Over three years ago I wrote about the Obama administration's shabby treatment of blind activist Chen Guangcheng, who escaped from house arrest and found his way to the U.S. embassy, only to be almost thrown back to the wolves.
This week a post at the Public Discourse goes back to that time and gives a few more details.
When released from prison, Chen returned to his heroic wife, Weijing, and their two children at their simple village home, but he was kept under the tightest house arrest. Approximately five hundred men surrounded their tiny dwelling with three concentric rings of guards, while checkpoints were set up on the roads to make escape impossible. The Chen family lived under spotlights. They were monitored by listening devices, all radio signals were jammed, and the family was observed constantly. It was intolerable.
So, on April 20, 2012, following a meticulous plan, and in broad daylight, Chen took advantage of the noise of a loudly barking dog to drop from his home’s eastern wall into his neighbor’s yard and begin an escape. As he made his perilous way, the blind fugitive could rely only on his acutely developed senses of smell and hearing. After several hours, Chen reached a neighboring village, where friends got him a taxi to rendezvous with others who would drive him to Beijing.
What of his family? After he was gone, they carried on as though he were present. His children talked to him loudly and greeted him enthusiastically, though he was no longer there. His extraordinary wife carried on with their daily routines, bringing water in the evening to wash her husband’s feet, as was her habit, and then pouring it away. After two days, suspicion mounted, but she deflected the guards’ attention by showing them Chen’s bed, in which a roll of blankets was wrapped up in his quilt. His shoes were exactly where he left them at the bedside. Eventually, the guards finally insisted on inspecting the bedroom and discovered the trick, reacting with anger and humiliation. But by this time, Chen was far away and safe.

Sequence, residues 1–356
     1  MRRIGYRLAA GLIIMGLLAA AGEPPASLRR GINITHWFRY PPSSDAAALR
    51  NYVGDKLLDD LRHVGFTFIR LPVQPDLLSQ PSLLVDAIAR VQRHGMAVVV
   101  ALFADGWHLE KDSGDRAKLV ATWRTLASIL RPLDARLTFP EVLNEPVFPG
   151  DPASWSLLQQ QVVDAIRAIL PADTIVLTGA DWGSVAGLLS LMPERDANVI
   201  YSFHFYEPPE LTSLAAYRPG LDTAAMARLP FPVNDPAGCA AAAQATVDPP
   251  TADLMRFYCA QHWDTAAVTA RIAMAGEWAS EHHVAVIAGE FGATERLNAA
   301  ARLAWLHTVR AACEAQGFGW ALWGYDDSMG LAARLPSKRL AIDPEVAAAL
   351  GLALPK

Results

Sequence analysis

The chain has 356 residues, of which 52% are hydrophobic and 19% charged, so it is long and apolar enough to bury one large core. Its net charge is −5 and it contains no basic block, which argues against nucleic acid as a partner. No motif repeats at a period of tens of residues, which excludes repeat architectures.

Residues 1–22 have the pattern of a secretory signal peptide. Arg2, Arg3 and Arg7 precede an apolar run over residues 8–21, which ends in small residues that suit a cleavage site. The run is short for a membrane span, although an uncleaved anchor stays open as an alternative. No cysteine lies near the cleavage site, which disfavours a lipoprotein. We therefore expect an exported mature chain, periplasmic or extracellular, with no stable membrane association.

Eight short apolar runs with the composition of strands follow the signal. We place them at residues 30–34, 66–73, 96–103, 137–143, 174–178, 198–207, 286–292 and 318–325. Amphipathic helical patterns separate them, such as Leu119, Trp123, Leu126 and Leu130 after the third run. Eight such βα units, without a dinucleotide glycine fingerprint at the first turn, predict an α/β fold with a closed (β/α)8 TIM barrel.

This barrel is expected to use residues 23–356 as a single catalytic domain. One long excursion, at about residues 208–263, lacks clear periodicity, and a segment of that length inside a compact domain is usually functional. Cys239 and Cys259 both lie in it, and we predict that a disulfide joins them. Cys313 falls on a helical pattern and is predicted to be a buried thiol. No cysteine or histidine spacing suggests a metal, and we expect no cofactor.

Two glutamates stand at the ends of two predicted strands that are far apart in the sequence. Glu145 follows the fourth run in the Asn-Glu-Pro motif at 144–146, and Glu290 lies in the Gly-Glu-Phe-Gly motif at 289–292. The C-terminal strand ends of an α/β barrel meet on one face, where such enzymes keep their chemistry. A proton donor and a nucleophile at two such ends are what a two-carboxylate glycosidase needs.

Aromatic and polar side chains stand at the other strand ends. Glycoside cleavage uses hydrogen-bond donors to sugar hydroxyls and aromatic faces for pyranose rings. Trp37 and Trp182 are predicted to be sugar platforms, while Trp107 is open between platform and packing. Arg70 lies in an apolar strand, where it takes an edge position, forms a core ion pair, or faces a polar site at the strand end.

After travelling more than five hundred miles, Chen finally arrived at the place where he believed freedom was truly honored: the American Embassy. Americans should hang their heads in shame when they consider the shabby treatment Chen received—ordered by President Obama with the approval of Secretary of State Hillary Clinton—when he miraculously arrived there.
Upon initial contact, the embassy staff were welcoming and genuinely admiring. An embassy car was sent out to pick up the fugitives who were being pursued by Chinese police. Chen and the embassy car were surrounded, but the transfer was ultimately made successfully and Chen arrived safely. Shortly thereafter, Hillary Clinton called him, full of seeming goodwill.
Then, something happened. Left alone for five hours, Chen sensed that the attitude of the staff had become chilly. When Kurt Campbell, one of the ablest foreign policy specialists in the Democratic Party, arrived, he presented himself as Chen’s friend. He told Chen that he wanted to work out a deal—with the Chinese central government. Chen told Campbell that he wanted an investigation into the brutal treatment he received, apologies from the Chinese government for constantly flouting its own laws, and some sort of personal freedom for himself and his family. Campbell initially seemed optimistic. But after consulting unnamed high officials, the only offer he provided was for Chen to stay in Beijing and study law at one of an approved list of colleges, perhaps later going abroad. Chen, accustomed to speaking the flat truth, said “no.”
I note that what Chen asked for was that the administration allow him to stay in the embassy while it used American influence to negotiate better treatment in China for himself and his family. Initially, his goal was not to come to the U.S. In this respect, Chen reminds me of Baptist activist Georgi Vins, who left Russian-controlled Ukraine only when forcibly expelled and whose goal had been to stay there as long as possible and resist Communist persecution of himself and others.